Few fighters of any era meshed their style with the environment that spawned them any better than 1960s light heavyweight contender Frankie DePaula.
Now the unlikely odyssey of the New Jersey brawler has been brought to life in a brilliant biography by Adeyinka Makinde that gets my vote as 2010’s best boxing book.
More than simply recounting the ring exploits of the force of nature who counted goodfellas like Frank Sinatra, Joe Namath and Frankie Valli among his legion of fans, Jersey Boy: The Life and Mob Slaying of Frankie DePaula stands as the definitive time capsule of an era when boxing was desperately trying to salvage some respectability in a quagmire of corruption and backroom brokering.
Makinde, a Nigerian-born lawyer who set the biographical standard with Dick Tiger: The Life & Times of a Boxing Immortal a few years back, used New Jersey’s Freedom of Information and Open Public Records acts to access sensitive files that led to direct contact with still-living sources who helped flesh out the saga.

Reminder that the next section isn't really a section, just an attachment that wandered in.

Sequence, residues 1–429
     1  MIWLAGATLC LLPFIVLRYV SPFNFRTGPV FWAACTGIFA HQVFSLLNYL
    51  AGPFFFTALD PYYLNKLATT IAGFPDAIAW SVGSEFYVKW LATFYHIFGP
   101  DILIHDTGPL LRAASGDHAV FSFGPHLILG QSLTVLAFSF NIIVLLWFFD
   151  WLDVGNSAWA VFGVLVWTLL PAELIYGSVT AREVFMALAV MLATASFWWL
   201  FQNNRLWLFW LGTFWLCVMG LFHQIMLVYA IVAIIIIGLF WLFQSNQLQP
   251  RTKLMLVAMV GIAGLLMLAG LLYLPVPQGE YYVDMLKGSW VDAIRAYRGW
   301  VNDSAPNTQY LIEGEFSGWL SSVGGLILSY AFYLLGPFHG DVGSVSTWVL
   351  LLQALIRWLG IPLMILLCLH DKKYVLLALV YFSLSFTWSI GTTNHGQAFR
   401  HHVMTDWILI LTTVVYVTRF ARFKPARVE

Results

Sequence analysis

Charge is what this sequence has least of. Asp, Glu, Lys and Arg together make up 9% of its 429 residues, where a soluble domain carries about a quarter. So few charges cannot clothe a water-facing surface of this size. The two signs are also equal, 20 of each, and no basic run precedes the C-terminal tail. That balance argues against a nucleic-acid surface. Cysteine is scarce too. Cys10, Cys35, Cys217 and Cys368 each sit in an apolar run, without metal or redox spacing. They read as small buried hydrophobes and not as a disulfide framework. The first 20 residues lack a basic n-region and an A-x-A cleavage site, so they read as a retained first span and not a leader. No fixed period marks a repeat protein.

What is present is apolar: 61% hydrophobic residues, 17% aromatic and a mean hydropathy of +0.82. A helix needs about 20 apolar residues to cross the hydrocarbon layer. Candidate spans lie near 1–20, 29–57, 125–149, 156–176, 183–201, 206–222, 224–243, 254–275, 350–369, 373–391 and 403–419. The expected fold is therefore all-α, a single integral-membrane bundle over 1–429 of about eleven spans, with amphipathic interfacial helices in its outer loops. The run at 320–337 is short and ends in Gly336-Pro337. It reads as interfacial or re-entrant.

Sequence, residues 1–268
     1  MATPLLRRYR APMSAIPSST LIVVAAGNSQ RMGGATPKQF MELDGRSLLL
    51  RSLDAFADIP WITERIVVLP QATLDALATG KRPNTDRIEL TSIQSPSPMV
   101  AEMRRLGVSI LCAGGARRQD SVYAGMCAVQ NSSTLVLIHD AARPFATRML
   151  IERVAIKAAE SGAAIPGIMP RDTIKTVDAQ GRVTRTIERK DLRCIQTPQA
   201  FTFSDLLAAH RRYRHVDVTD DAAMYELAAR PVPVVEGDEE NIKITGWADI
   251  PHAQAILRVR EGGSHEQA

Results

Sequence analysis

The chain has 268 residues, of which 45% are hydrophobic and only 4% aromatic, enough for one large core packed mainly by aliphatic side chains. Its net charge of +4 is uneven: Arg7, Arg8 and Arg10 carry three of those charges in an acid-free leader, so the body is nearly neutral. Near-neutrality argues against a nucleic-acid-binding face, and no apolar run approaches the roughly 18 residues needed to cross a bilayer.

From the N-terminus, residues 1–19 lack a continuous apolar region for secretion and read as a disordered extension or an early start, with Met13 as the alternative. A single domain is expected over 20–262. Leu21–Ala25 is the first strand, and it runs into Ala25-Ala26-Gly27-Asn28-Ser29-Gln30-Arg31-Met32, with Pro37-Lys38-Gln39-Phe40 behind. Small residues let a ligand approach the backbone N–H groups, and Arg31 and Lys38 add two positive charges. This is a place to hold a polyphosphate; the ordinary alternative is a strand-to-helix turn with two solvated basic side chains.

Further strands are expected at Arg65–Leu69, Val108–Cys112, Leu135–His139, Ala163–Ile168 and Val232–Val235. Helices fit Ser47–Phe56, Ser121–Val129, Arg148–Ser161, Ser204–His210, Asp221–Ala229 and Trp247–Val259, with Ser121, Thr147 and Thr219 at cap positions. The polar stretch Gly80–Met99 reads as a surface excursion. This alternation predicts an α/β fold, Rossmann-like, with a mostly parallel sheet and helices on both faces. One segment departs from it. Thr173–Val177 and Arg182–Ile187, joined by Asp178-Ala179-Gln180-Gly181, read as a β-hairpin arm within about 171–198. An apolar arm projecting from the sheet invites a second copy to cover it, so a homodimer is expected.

DePaula’s involvement in an $80,000 heist, his participation in alleged fixed bouts and a dalliance with the stepdaughter of a high-ranking mobster culminated in his execution-style shooting in a dark alley.
Makinde brings it all to life through meticulous research, painstaking chapter notes and a smooth, lyrical writing style.
Now’s the time to read the original (available at amazon.com), before Hollywood turns it into another clichéd stereotype.
Murray Greig (2010)
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